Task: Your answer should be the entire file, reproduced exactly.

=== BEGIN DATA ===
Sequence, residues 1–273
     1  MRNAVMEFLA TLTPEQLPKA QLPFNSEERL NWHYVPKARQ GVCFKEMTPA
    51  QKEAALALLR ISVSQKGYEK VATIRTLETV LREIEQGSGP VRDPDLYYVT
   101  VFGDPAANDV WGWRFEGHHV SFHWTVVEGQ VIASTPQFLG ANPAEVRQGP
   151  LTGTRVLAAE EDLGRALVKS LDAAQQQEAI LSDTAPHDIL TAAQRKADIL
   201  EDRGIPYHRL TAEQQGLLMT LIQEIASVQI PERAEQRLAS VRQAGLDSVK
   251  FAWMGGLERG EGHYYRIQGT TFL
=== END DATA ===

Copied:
Sequence, residues 1–273
     1  MRNAVMEFLA TLTPEQLPKA QLPFNSEERL NWHYVPKARQ GVCFKEMTPA
    51  QKEAALALLR ISVSQKGYEK VATIRTLETV LREIEQGSGP VRDPDLYYVT
   101  VFGDPAANDV WGWRFEGHHV SFHWTVVEGQ VIASTPQFLG ANPAEVRQGP
   151  LTGTRVLAAE EDLGRALVKS LDAAQQQEAI LSDTAPHDIL TAAQRKADIL
   201  EDRGIPYHRL TAEQQGLLMT LIQEIASVQI PERAEQRLAS VRQAGLDSVK
   251  FAWMGGLERG EGHYYRIQGT TFL